student profile: Dr Aaron Izes


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Thesis work

Thesis title: Determination of mefloquine�s intrinsic clearance by feline microsomes; could this be a suitable treatment for Feline Infectious Peritonitis (FIP)?

Supervisors: Merran GOVENDIR , Benjamin KIMBLE, Kong LI , Jacqueline NORRIS

Thesis abstract:

Feline infectious peritonitis (FIP) is a systemic, fatal, viral-induced immune-mediated disease that affects cats globally. The disease is caused by virulent biotypes of feline coronaviruses (FCoV), known as the feline infectious peritonitis virus (FIPV). Traditionally, the treatment of FIP has centered on the use of immunosuppressive therapies. Yet, although some immunomodulatory therapeutic agents temporarily dampen clinical signs, there are no treatments that address the underlying problem of viral replication. Recent in vitro studies seeking an efficacious FCoV treatment investigated 19 candidate compounds used commonly in the treatment of other coronavirus infections. One of these compounds, mefloquine, a drug typically used in the treatment and prophylaxis of malaria in humans, showed great promise in that it substantially reduced the viral load of FIPV in infected Crandall feline kidney cells without cytotoxic effects at low mefloquine concentrations. This evidence suggests that mefloquine should be considered for further investigation as a potential treatment option for FIP. However, the careful consideration of the idiosyncracies of feline hepatic metabolism is required for any proposed treatment in cats in order to minimise any potential for harm. In cats, some therapeutic agents are known to have issues with hepatic metabolism, especially the reduction in activity of some conjugative glucaronyl transferase iso-enzymes and result in delayed elimination and consequent toxicity, such as is seen with paracetamol, propofol, carprofen and acetylsalicylic acid. As there are no pharmacokinetic studies on the use of mefloquine in the cat, the overall aim of this project is to use an in vitro model of feline hepatic metabolism to ascertain whether mefloquine is likely to accumulate in the cat.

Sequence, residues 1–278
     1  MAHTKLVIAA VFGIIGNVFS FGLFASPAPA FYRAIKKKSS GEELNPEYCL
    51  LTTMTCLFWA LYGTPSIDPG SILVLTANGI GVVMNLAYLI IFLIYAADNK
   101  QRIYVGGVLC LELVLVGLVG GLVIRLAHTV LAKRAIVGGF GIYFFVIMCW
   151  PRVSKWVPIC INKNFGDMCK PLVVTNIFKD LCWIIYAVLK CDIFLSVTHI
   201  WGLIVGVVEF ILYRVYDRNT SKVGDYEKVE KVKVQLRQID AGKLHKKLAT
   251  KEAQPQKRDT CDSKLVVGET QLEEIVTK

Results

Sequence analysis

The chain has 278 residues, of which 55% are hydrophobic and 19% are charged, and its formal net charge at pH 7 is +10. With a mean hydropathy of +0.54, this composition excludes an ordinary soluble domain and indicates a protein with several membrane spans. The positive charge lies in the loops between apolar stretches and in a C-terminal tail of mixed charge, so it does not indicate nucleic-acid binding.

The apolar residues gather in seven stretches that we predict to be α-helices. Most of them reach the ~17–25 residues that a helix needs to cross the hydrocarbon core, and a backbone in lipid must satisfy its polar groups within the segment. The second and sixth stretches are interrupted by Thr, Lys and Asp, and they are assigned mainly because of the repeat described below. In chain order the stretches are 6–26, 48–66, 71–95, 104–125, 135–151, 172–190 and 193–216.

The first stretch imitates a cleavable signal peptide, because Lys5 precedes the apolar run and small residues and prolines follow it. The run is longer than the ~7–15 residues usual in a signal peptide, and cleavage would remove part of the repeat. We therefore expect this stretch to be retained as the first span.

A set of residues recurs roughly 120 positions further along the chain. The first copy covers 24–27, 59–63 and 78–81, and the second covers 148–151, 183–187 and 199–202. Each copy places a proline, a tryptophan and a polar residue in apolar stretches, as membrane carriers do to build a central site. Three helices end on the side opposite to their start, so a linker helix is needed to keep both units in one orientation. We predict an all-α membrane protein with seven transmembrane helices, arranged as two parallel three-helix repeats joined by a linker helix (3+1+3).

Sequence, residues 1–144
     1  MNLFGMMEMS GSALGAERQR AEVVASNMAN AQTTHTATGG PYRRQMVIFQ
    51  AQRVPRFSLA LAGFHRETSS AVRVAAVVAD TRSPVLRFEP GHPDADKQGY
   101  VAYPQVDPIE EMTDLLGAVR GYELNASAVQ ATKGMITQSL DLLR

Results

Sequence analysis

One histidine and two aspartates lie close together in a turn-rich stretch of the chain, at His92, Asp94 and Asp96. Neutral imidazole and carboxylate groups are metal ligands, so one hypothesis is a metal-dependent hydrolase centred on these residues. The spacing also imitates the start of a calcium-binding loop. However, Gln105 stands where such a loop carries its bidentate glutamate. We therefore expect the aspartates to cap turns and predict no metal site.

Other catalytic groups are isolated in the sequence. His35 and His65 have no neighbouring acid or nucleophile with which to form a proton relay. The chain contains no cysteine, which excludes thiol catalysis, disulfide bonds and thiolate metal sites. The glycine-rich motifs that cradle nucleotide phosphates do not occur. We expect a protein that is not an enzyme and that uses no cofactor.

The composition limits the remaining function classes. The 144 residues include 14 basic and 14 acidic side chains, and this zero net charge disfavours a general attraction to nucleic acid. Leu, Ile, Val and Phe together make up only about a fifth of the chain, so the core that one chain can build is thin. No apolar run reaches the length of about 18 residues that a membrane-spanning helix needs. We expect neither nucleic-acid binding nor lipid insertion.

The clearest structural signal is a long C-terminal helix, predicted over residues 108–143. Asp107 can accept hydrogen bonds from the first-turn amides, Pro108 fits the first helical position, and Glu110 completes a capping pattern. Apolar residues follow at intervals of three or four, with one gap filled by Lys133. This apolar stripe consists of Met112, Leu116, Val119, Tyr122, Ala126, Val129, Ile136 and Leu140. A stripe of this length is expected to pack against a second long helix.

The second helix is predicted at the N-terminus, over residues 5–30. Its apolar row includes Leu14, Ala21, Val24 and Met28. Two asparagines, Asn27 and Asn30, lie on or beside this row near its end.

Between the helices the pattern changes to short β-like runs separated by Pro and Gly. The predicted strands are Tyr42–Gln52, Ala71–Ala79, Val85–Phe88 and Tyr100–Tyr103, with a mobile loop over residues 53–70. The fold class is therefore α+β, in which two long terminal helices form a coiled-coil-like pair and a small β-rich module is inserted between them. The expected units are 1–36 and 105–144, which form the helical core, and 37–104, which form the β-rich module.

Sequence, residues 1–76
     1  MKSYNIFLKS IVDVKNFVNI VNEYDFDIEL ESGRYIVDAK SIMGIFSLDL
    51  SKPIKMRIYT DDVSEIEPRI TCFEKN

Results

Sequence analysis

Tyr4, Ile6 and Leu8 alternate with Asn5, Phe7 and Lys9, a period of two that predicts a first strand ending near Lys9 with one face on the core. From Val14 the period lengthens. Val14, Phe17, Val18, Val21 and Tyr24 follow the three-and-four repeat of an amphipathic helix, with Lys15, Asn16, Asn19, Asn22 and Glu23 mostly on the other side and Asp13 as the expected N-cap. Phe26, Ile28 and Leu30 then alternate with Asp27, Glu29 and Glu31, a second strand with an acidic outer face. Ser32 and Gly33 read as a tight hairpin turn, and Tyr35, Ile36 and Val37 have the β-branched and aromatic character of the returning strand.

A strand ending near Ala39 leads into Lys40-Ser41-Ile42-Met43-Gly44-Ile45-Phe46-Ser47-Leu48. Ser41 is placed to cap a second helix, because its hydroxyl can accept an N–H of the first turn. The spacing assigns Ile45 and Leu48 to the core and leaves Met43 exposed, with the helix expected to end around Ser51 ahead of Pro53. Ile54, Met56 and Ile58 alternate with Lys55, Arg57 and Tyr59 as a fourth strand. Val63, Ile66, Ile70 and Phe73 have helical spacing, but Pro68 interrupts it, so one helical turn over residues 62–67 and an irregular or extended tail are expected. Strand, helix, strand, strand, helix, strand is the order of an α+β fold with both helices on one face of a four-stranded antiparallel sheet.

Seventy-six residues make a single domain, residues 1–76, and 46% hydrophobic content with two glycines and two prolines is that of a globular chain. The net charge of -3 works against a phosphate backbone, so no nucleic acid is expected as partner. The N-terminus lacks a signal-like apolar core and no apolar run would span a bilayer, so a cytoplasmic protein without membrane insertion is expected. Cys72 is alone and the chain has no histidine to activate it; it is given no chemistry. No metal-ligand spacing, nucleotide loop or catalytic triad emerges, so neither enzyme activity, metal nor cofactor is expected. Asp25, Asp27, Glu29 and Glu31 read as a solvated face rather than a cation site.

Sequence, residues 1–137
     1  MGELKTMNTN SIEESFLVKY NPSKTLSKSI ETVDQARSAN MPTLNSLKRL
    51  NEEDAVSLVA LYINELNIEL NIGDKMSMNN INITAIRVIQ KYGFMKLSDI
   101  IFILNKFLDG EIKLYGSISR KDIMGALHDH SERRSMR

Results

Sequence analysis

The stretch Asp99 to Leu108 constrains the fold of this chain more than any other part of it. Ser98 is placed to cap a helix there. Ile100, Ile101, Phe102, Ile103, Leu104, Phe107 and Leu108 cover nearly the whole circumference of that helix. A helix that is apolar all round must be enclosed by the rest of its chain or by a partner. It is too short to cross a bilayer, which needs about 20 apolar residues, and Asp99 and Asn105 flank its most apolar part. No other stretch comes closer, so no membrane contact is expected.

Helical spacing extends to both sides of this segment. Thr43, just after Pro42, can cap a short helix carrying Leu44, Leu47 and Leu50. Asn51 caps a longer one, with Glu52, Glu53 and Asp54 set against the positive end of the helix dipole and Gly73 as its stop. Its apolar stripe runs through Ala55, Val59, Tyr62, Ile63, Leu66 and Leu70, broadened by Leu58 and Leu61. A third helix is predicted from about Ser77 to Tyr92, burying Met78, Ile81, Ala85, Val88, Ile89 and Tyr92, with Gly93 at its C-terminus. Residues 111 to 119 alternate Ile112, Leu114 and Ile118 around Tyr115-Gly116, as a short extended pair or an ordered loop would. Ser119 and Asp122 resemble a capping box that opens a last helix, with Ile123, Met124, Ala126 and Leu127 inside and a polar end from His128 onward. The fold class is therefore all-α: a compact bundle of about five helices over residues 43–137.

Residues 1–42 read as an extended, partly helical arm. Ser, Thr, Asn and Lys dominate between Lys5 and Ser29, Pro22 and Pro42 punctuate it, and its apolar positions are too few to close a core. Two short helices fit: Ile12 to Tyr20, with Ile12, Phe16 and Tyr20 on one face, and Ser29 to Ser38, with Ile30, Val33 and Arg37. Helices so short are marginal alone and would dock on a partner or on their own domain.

Selected grants

2016

  • Determination of mefloquine’s intrinsic clearance by feline microsomes; could this be a suitable treatment for Feline Infectious Peritonitis (FIP)?; Govendir M, Norris J, Izes A; Feline Health Research Fund (FHRF)/Research Grant.

Selected publications

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Conferences

  • Izes, A., Norris, J., Govendir, M. (2016). Determination of mefloquine’s intrinsic clearance by feline microsomes; could this be a suitable treatment for feline infectious peritonitis (FIP)? Australian and New Zealand College of Veterinary Scientists, N/A: N/A.

2016

  • Izes, A., Norris, J., Govendir, M. (2016). Determination of mefloquine’s intrinsic clearance by feline microsomes; could this be a suitable treatment for feline infectious peritonitis (FIP)? Australian and New Zealand College of Veterinary Scientists, N/A: N/A.

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